Luckily, he knows some calmer venues in the area, and we were able to have a beer with more of his friends made over the years, sitting in the narrow, neon-lit lanes.

Traffic is unrelenting at almost all hours, and there are few stop lights or pedestrian crossings. You just have to dodge across the street and avoid getting hit by cars, scooters and Took-Tooks.

We had one wild ride in a Took-Took, a three-wheeled motorized contraption. The usual ones are very clean, but this was an exception, and the elderly driver a mad-man. He wove through traffic, wormed his was between cars, but delivered us safely to the hotel, and then hugged both of us. He, like so many people here, called me “Papa,” Ah well, once the Paterfamilias, always the Paterfamilias!

My reflection after a day is that the Thais obviously love life, enjoy their fun, and are very, very religious. Religion, especially Buddhism is inextricably woven into the fabric of society. They are also held together by their sincere and obvious devotion to their Constitutional Monarch, King Rama IX, who, having reigned since 1950, is the world’s longest ruling monarch.

The King’s portrait is everywhere, and I do mean everywhere, in front of practically every institution. The reverence in which the people hold the King is deep and clearly genuine. From everything I can tell, he has been a good and fair King, and helped his nation come into the 21st century, benefitting Thais of every ethnicity and religion.

Thailand (“Land of the Free”) has been guided by this dynasty since its foundation in 1782 and the establishment of Bangkok as the capital. Humans have inhabited the area for some 20,000 years, and in the 10th Century CE, there are records of migrations from South China, and the union of the two Thai Kingdoms into one. Beginning in the 16th Century, the Burmese occupied Thailand briefly twice, and were permanently expelled by Rama I by 1769. Since then Thailand has never been colonized, and only occupied briefly by the Japanese in WWII.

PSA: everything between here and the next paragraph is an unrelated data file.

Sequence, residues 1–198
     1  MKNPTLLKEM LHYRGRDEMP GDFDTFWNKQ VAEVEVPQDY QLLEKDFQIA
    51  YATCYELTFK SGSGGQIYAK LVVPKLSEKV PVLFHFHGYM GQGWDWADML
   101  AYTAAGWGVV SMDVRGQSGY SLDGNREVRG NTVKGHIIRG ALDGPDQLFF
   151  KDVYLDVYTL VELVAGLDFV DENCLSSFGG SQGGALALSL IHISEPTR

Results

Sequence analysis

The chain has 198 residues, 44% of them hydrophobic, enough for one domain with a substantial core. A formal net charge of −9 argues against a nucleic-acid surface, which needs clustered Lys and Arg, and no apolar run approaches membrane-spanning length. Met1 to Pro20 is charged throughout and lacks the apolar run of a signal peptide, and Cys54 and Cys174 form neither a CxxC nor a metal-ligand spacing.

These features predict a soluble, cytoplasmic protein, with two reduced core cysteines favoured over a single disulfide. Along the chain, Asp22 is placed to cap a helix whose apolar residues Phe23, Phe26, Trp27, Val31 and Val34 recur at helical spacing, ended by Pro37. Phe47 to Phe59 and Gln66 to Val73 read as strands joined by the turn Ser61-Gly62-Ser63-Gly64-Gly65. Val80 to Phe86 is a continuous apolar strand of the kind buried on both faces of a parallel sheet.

Beginning with Rama IV in the mid 19th Century and continuing ever since, Thailand has progressively transformed itself into a modern state, taking what it deemed useful from the West. Today it is a functioning democracy–with tensions between social classes inflamed by a previous PM who is now, luckily, in exile, but who continues to foment problems from abroad. The King keeps it all together and moving forward.

Thailand joined the Allies in WWI and is strongly identified with the Free World. It has good relations with China, and a firm friendship and relationship with the United States.

So here we have a nation with plenty of Western influence. What makes it different from Singapore?

I suspect the answer is stated in the title of this blog posting. The Thais are neither Children of Alexander, nor Heirs of Rome. Here’s what I mean:

Arguably, much of the word west of the Ganges to the Pacific Coast of North America is in one way or another either a descendent of, or (Persia and Northern India) deeply affected changed by Alexander the Great’s Hellenistic Empire (as later extended westward by Rome, and then Western Europe). Exceptions can be found, but I am generalizing (Egypt, of course is always the exception. Although deeply hellenized, it also maintains its Pharaonic legacy.)

Secondly, most of the areas that were part of the Roman Empire see themselves as Heirs of the Roman Empire. Why else would nation after nation have the Eagle–in one form or another–as its symbol, use the Fasces as a symbol of strength through unity, and construct their government buildings in the Roman style?